Do you have a will? If so, we commend you. Having a last will and testament in place will help ensure your wishes regarding the conveyance of your assets after your death are carried out.
But is a will enough? Should you be considering other methods of holding and conveying property such as a trust? To answer that question, you’ll need to understand some of the basic differences between a will and a trust.
A will is a document you create to be executed upon your death. As such it requires a process to do that, commonly known as the probate process. Each state manages the process somewhat differently, but certain key elements are universal. Probate is overseen by the state’s court system, specifically a probate division, and is administered by an executor who is appointed by the court, typically someone named by the deceased individual. The process of probating a will takes time – from months to even years, depending on the complexity of the estate, asset determination, and amicability of the beneficiaries.
By contrast, a trust is a way to hold or own your assets in a legal vehicle during your lifetime that also serves as the mechanism to disperse those assets after your death rather than going through the state’s probate process. Trusts can be revocable or irrevocable. In a revocable trust, the same individual/owner can act as the grantor (the individual who creates the trust), the trustee (the individual who manages the trust), and the beneficiary (the individual who benefits from the trust). To avoid probate, assets are transferred to the trust which then becomes the legal “owner.”
For many of our clients, creating a trust makes the most sense to ensure assets are appropriately managed during their lifetime and disbursed upon their death without the necessity of involving the courts. In this way, individuals place less stress on their beneficiaries and the court system, while expediting the inheritance process. What might take years through probate hopefully be managed in a much shorter period of time.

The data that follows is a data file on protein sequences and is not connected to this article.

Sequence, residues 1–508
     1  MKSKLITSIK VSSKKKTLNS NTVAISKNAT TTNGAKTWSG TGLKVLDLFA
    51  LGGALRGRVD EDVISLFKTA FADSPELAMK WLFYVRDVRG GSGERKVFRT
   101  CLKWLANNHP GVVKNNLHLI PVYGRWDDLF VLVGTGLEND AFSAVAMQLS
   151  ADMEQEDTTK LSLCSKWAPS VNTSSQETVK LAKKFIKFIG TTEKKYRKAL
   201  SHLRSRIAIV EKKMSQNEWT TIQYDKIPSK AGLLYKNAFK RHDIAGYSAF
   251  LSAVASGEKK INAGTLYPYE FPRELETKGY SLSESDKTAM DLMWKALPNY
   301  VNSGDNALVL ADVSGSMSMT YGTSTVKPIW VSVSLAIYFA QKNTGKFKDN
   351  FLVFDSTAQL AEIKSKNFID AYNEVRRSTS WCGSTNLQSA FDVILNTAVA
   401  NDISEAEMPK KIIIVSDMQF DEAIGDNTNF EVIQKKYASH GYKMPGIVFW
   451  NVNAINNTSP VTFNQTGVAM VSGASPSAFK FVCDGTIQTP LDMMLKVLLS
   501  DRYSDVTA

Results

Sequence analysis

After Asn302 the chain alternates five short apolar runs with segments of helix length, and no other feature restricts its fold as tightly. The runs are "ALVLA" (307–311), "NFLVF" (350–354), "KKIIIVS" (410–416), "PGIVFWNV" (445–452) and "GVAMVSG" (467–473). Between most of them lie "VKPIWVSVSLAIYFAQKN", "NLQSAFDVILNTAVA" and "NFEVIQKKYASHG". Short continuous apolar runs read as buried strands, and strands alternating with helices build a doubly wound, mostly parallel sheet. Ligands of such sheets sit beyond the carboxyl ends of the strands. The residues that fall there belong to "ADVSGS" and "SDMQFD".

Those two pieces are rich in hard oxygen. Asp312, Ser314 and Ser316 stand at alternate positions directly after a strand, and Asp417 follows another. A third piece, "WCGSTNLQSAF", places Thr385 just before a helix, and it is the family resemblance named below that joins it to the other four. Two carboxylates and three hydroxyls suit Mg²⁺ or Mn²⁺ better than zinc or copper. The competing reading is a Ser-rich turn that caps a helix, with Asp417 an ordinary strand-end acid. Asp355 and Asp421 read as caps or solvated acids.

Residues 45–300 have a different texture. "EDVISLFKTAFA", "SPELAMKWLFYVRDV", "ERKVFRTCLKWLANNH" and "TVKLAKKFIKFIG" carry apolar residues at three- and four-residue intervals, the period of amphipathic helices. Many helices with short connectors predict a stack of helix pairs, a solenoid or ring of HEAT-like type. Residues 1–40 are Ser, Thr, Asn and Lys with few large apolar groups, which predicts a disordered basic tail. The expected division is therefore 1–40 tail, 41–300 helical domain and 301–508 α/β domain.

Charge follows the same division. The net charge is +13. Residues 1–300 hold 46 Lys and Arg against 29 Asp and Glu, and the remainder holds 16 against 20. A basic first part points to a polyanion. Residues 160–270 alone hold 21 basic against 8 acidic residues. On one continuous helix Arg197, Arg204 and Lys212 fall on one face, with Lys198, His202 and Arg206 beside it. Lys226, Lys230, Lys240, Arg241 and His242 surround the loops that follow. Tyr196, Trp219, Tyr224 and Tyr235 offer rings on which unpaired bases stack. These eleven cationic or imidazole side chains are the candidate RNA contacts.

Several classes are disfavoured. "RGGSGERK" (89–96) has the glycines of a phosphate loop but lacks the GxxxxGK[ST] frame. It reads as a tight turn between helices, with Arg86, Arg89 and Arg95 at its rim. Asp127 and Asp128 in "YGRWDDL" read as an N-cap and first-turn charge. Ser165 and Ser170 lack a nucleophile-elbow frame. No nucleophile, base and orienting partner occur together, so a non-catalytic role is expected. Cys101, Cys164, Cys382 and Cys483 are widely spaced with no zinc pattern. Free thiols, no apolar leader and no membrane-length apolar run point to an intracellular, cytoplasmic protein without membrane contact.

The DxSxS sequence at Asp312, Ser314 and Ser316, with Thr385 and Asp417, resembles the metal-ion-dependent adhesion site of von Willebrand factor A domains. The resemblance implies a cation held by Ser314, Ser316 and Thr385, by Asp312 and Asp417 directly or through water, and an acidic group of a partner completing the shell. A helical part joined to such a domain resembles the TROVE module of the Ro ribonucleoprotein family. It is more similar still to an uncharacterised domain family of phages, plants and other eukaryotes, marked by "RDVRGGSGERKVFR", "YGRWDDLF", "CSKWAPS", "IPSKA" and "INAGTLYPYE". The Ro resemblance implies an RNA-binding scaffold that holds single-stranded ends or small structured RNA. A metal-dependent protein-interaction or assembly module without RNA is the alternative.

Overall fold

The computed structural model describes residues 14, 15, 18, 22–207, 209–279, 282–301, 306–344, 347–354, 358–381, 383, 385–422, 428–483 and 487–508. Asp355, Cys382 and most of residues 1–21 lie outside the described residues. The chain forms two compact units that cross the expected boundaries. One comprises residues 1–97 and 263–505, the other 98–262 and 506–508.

Even with a trust in place, it still makes sense to have a will in place to address any assets that may not be held in a trust. Specifically, a ”pour-over” will can ensure any assets not included in the trust will be added to the trust after the grantor’s death (but only after going through probate).
While avoiding probate can be accomplished through a revocable, or “living” trust, there are other circumstances when an irrevocable trust better meets an individual’s needs. An irrevocable trust has one key difference – control of the assets and terms of the trust are typically vested in someone other than the grantor.
For many individuals, establishing a trust as the primary method of transferring assets after their death makes sense. However, trusts are a complex legal area. To determine how a trust might best fit into your estate plan and what type of trust you should use, consulting with a knowledgeable attorney in estate law is a good place to start. Contact us.